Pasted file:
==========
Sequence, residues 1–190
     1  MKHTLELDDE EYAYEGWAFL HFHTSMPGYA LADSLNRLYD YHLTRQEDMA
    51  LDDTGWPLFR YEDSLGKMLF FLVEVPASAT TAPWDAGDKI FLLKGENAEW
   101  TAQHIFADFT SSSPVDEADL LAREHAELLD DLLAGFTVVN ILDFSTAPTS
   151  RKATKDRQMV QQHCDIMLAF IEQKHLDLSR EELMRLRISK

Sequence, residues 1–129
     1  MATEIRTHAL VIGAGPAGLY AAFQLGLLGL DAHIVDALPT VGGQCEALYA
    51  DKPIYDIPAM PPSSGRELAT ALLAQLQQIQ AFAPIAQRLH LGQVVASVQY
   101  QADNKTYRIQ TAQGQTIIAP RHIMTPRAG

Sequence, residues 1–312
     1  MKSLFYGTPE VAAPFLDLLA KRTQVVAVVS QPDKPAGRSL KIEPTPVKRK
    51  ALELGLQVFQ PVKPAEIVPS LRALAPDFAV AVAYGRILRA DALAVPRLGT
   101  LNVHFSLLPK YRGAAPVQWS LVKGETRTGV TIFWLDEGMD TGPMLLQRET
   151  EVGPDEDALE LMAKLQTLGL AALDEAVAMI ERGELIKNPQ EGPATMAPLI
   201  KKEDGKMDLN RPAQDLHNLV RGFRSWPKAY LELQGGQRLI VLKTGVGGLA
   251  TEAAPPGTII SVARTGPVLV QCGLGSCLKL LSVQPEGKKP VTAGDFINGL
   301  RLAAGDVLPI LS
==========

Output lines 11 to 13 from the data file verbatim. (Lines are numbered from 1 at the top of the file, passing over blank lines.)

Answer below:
     1  MKSLFYGTPE VAAPFLDLLA KRTQVVAVVS QPDKPAGRSL KIEPTPVKRK
    51  ALELGLQVFQ PVKPAEIVPS LRALAPDFAV AVAYGRILRA DALAVPRLGT
   101  LNVHFSLLPK YRGAAPVQWS LVKGETRTGV TIFWLDEGMD TGPMLLQRET